“I don’t think we should be speculating or talking about what-if’s with any particular institutions, and so with Fannie or Freddie, what I’m emphasizing is that the tool that I want is the reform and the reform legislation that would inject confidence into the marketplace,” Mr. Paulson said, referring to a measure that would revamp the oversight of the companies.
The problems of the two companies spilled onto the campaign trail on Thursday when Senator John McCain, the presumptive Republican nominee for president, said he supported federal intervention to save Fannie or Freddie from collapsing.
“Those institutions, Fannie and Freddie, have been responsible for millions of Americans to be able to own their own homes, and they will not fail, we will not allow them to fail,” Mr. McCain said during a stop at the Senate Coney Island Restaurant in Livonia, Mich. “They are vital to Americans’ ability to own their own homes. And we will do what’s necessary to make sure that they continue that function.”
Jason Furman, the economic policy director for the Democratic presidential campaign of Senator Barack Obama of Illinois, said that Mr. Obama “believes the Bush administration’s willful neglect of warning signs in housing, in financial markets and in the job market, have compromised the nation’s housing finance system.”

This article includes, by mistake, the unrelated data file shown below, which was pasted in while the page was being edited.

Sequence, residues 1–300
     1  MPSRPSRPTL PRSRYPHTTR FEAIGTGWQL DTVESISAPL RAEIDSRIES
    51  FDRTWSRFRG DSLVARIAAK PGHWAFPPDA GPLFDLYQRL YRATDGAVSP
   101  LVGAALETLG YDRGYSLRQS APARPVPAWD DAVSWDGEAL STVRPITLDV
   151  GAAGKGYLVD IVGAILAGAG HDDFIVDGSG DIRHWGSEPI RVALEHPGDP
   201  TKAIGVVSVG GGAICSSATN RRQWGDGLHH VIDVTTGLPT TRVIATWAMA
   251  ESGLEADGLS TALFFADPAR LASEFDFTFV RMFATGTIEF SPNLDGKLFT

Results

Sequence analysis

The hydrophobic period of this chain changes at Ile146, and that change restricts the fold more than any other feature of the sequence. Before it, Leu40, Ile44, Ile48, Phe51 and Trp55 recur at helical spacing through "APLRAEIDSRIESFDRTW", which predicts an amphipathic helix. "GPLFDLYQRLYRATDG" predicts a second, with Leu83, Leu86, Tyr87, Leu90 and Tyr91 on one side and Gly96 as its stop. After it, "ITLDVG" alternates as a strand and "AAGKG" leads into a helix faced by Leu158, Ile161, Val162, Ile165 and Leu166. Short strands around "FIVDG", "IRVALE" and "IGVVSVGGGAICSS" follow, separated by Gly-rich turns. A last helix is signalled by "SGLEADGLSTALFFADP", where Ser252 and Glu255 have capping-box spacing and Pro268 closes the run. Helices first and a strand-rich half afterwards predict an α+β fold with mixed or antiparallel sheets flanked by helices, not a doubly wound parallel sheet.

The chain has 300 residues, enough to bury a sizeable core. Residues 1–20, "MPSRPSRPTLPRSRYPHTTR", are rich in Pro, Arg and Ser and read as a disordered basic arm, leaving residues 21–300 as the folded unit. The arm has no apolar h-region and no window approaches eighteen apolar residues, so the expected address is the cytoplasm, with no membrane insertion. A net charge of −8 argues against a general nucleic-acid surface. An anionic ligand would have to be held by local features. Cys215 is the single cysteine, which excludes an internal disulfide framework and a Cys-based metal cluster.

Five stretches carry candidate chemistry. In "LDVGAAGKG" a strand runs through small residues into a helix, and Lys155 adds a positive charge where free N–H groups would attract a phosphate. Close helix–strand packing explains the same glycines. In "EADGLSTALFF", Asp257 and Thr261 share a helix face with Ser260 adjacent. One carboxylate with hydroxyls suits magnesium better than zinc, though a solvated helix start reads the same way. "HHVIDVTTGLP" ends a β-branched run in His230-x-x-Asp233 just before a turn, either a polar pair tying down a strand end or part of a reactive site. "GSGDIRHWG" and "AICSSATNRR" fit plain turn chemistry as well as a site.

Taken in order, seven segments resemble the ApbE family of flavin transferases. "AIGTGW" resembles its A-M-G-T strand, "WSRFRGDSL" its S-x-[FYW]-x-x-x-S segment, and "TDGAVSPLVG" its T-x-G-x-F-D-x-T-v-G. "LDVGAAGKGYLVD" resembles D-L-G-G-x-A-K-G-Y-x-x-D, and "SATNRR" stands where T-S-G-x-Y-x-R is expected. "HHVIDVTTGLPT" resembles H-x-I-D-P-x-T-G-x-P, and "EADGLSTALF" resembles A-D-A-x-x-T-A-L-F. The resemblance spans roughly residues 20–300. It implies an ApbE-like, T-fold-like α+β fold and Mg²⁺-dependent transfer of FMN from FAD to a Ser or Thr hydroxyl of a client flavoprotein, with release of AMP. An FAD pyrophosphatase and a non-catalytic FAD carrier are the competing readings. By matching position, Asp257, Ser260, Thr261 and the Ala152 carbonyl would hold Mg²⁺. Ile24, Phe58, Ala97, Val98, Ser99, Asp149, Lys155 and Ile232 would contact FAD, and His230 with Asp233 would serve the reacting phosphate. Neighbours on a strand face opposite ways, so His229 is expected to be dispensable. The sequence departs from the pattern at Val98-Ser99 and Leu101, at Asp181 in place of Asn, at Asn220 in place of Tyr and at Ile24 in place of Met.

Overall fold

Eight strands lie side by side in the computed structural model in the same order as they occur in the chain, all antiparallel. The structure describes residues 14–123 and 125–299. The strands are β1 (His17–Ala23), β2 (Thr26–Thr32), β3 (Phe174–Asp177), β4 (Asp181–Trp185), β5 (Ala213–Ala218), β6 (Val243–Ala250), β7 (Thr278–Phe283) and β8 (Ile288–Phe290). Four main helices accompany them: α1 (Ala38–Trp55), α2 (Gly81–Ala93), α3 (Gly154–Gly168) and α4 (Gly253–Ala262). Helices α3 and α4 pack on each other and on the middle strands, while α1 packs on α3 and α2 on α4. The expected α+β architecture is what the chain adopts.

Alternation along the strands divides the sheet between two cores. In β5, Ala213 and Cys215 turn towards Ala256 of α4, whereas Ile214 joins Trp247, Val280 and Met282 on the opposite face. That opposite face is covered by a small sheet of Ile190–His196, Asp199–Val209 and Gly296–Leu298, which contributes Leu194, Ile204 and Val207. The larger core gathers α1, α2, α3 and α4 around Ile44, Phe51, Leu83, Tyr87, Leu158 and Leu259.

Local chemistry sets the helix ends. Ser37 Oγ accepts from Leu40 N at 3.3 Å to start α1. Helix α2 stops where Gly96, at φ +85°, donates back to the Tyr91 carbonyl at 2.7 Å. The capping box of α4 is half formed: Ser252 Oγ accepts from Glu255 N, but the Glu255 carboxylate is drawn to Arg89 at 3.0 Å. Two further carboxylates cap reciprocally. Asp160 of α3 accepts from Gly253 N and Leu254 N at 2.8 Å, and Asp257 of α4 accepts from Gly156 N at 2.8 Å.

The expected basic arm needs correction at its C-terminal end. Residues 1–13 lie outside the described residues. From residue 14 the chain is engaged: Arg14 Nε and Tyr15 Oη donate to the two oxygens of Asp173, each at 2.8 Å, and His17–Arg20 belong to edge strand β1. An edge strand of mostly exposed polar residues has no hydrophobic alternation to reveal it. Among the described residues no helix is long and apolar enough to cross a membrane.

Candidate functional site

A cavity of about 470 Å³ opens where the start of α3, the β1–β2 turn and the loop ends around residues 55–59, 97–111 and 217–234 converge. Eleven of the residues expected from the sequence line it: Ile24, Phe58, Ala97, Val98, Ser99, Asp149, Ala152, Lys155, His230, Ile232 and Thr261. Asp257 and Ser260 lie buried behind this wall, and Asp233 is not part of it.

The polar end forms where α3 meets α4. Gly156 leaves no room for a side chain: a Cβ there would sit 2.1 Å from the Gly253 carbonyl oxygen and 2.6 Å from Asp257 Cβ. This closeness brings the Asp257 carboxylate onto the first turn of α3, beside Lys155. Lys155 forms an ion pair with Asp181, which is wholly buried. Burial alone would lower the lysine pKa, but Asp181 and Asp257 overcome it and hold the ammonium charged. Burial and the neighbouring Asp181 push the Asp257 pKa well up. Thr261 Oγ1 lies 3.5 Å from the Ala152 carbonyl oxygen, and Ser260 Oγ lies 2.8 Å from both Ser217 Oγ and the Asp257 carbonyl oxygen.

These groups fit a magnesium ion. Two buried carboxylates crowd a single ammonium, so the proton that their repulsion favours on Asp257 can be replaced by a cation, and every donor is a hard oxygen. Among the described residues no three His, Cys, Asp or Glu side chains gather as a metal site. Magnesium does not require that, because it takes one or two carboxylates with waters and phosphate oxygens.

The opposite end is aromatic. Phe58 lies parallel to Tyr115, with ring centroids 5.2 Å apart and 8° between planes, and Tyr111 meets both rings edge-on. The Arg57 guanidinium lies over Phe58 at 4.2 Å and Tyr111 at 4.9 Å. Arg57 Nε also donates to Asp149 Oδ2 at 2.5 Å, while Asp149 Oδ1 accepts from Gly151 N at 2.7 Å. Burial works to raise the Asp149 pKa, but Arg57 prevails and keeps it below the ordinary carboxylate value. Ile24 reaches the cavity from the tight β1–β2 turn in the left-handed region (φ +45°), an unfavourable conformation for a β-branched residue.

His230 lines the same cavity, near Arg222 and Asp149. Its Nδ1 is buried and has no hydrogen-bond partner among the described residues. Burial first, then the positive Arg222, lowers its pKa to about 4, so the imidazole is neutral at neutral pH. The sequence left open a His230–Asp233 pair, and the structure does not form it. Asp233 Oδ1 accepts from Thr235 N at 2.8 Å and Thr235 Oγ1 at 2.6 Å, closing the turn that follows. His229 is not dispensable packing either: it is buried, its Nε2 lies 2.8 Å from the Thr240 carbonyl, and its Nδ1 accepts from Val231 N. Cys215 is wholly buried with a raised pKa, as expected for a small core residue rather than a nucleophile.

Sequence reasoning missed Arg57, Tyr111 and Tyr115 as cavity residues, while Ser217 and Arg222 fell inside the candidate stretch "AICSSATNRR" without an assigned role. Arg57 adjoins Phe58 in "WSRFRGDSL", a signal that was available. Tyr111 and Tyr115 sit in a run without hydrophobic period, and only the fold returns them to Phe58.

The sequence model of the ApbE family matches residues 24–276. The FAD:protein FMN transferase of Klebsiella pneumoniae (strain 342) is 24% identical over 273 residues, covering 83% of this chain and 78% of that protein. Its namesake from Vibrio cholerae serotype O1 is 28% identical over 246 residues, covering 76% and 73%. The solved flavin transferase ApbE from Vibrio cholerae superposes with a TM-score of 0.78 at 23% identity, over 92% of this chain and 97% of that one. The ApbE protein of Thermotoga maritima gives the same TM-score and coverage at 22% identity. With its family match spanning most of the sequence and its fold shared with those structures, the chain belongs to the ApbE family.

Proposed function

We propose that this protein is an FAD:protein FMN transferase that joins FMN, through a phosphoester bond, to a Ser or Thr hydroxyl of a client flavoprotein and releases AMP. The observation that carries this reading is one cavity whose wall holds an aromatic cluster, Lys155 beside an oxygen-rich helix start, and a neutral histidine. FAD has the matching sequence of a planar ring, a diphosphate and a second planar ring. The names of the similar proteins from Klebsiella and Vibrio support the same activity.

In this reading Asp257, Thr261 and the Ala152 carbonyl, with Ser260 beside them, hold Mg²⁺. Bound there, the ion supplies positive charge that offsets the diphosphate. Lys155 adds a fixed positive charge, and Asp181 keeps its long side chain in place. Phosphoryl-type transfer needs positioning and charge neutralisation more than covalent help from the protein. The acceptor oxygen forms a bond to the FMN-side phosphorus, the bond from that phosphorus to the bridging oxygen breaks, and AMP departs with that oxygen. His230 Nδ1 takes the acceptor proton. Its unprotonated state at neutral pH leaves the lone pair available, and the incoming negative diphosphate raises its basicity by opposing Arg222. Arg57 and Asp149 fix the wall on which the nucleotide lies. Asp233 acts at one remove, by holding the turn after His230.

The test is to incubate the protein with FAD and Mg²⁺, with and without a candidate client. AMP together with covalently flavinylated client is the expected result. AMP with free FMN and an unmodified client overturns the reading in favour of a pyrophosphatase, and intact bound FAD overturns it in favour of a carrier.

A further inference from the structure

“The challenges facing Fannie and Freddie are part of the broader weakness in our economy,” Mr. Furman said.
Senator Charles E. Schumer, Democrat of New York and chairman of the Joint Economic Committee, said that the markets should rest assured that the mortgage giants have a “federal lifeline” and would not be allowed to fail — though he said he thought a government rescue would not be needed and should be a last resort.
Charles Duhigg and Jenny Anderson contributed reporting from New York; Michael Cooper from Livonia, Mich.; and David M. Herszenhorn from Washington.